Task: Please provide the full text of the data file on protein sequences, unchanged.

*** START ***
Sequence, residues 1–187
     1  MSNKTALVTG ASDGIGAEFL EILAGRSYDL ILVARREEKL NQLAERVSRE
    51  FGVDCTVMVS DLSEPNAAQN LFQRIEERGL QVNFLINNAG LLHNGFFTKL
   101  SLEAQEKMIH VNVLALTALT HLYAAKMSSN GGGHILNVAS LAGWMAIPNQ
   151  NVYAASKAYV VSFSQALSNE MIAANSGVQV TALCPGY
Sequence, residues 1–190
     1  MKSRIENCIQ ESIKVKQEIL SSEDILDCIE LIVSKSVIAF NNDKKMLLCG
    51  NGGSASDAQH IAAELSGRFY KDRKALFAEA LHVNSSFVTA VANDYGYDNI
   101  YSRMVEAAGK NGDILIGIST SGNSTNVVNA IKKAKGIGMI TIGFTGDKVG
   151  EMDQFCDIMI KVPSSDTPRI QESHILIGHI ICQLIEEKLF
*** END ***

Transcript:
Sequence, residues 1–187
     1  MSNKTALVTG ASDGIGAEFL EILAGRSYDL ILVARREEKL NQLAERVSRE
    51  FGVDCTVMVS DLSEPNAAQN LFQRIEERGL QVNFLINNAG LLHNGFFTKL
   101  SLEAQEKMIH VNVLALTALT HLYAAKMSSN GGGHILNVAS LAGWMAIPNQ
   151  NVYAASKAYV VSFSQALSNE MIAANSGVQV TALCPGY
Sequence, residues 1–190
     1  MKSRIENCIQ ESIKVKQEIL SSEDILDCIE LIVSKSVIAF NNDKKMLLCG
    51  NGGSASDAQH IAAELSGRFY KDRKALFAEA LHVNSSFVTA VANDYGYDNI
   101  YSRMVEAAGK NGDILIGIST SGNSTNVVNA IKKAKGIGMI TIGFTGDKVG
   151  EMDQFCDIMI KVPSSDTPRI QESHILIGHI ICQLIEEKLF